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Where Do NCLB Waiver States Stand On Extensions?

The news that Oklahoma lost its waiver from the No Child Left Behind Act stole the spotlight last week, but there was actually another—much smaller, but still key—development: Kansas became the very first state to shed the "high risk" status label.

Like the other states that remain on high-risk status—Oregon and Arizona—Kansas had been red-flagged because of issues with its teacher-evaluation system. In the Sunflower State's case, the Obama administration was worried that Kansas hadn't piloted the system, and therefore hadn't demonstrated that growth is a significant factor in evaluations, or that there's enough differentiation among teachers.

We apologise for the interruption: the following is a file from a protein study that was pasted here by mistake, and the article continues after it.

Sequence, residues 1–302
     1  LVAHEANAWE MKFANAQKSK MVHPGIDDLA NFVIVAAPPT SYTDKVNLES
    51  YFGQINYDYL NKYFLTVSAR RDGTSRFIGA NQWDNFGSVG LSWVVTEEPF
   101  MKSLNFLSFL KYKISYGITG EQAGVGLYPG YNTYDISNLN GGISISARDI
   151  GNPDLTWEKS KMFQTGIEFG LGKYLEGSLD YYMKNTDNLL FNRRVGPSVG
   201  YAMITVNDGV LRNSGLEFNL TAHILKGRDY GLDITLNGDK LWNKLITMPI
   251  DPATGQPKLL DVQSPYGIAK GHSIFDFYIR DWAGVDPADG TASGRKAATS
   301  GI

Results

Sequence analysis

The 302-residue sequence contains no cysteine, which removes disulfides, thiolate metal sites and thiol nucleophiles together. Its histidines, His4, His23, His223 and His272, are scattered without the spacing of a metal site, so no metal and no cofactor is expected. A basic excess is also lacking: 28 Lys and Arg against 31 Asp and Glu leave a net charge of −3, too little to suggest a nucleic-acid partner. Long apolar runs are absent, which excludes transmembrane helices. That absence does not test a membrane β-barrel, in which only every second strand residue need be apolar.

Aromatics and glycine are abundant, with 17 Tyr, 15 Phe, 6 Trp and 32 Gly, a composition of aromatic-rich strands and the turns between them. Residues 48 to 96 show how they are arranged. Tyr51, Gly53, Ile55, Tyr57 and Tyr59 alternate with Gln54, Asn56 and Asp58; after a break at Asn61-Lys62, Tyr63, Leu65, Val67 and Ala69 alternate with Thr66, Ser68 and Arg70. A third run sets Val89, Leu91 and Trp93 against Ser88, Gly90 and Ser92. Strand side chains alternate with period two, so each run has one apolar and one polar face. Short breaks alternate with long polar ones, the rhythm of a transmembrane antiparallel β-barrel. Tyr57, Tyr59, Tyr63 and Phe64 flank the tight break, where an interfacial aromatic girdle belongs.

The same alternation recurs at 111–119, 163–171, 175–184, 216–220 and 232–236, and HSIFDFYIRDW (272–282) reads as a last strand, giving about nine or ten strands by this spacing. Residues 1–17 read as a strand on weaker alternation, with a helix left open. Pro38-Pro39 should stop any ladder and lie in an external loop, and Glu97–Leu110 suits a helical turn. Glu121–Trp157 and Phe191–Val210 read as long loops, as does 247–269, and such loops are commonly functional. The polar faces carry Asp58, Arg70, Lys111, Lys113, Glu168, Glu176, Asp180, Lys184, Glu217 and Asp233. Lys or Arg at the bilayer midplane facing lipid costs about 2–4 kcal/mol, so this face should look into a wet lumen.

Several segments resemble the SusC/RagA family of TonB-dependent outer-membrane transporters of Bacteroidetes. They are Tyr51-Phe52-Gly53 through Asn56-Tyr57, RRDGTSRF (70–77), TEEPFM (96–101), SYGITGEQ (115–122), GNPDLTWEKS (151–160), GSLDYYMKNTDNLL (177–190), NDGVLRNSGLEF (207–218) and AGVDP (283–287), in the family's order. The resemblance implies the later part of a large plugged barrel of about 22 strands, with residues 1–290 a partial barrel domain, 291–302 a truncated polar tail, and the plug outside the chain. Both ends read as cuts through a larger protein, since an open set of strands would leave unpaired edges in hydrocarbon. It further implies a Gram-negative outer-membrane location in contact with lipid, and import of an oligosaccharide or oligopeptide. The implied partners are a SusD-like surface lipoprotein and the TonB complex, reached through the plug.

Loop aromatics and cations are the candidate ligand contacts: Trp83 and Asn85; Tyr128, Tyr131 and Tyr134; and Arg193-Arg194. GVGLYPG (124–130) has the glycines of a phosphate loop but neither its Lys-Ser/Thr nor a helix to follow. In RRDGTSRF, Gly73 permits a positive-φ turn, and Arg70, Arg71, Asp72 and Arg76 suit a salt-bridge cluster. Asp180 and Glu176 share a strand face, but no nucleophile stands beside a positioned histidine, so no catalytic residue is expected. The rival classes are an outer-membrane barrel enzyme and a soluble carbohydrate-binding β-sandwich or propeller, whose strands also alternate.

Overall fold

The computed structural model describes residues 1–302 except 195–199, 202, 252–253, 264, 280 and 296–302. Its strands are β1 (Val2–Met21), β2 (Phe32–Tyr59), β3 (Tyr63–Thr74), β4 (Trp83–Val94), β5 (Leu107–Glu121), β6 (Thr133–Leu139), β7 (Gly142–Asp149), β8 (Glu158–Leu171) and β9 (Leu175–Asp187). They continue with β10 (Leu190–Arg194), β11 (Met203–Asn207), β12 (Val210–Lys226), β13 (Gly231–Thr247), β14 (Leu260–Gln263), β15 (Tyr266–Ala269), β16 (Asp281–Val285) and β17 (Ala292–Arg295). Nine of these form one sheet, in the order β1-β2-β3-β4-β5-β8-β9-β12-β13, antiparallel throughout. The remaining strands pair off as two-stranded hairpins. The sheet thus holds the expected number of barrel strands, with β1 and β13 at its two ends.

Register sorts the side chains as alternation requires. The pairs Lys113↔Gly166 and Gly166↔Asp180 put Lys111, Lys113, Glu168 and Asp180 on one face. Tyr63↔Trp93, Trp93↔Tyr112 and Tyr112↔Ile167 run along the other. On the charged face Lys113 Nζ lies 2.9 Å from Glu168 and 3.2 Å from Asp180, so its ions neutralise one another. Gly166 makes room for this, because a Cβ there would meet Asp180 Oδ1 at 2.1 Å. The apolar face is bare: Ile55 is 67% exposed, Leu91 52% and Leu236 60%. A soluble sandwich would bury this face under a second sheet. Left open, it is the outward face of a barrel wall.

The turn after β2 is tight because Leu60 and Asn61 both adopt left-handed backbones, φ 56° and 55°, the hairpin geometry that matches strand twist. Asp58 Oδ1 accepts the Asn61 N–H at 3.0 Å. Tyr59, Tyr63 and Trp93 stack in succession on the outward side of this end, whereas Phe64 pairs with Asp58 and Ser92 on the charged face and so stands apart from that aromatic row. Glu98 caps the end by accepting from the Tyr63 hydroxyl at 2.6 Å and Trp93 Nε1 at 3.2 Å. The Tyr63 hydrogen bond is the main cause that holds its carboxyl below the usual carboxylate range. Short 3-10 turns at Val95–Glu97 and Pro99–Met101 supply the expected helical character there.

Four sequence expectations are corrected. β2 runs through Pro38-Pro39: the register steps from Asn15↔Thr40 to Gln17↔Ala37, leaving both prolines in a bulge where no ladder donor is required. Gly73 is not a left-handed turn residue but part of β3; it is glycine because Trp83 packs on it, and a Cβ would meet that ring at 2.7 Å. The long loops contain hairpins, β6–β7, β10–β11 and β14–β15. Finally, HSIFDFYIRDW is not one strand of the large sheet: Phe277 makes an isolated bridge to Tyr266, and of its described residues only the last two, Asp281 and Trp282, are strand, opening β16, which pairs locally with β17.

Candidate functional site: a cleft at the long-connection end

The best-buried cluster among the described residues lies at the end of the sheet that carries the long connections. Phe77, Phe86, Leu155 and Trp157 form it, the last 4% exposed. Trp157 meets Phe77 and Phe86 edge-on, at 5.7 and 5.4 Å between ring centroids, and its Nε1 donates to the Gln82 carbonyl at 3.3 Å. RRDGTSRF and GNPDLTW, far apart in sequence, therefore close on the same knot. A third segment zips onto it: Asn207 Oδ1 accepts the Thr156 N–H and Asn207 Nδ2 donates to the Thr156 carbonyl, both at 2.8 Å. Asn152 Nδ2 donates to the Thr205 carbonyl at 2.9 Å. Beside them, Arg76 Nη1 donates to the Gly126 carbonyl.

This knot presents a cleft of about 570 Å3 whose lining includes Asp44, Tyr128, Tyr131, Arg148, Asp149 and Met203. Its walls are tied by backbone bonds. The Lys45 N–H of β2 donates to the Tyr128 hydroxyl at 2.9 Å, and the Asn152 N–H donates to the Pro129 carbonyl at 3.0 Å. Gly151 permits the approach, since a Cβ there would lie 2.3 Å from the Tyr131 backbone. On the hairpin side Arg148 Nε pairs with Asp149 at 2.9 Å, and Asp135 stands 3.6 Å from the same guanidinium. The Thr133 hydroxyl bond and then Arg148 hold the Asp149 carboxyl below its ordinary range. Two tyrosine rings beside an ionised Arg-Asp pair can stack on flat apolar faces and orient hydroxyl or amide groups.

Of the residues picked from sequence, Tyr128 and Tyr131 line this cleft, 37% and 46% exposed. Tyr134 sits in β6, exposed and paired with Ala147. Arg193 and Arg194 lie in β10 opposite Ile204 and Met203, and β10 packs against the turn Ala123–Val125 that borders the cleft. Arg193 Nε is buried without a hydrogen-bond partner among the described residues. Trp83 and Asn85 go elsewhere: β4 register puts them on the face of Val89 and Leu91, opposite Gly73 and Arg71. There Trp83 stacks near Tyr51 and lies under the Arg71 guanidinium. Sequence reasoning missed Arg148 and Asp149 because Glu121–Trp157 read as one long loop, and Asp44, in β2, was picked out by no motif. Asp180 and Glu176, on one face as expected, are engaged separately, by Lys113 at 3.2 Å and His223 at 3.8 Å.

In its extension application, Kansas decided to go with a model evaluation plan that its districts could opt to adopt—or not. Whether or not they went with the state plan, all districts must adopt a system that incorporates multiple measures. Student growth needs to be a "significant" part of the picture, but the districts ¬†themselves get to define what exactly "significant" means.

Apparently that idea was enoulgh for the state to shed its high-risk label—but the Aug. 28 letter from the U.S. Department of Education still notes that the department is still working with Kansas on its teacher- and principal-evaluation system.

Have trouble keeping track of which state is extended, which is on high-risk status, and which states have lost their waivers? We're working on a map, check it out below. Did we miss anything? Let us know, and bookmark this link—we will be constantly updating.

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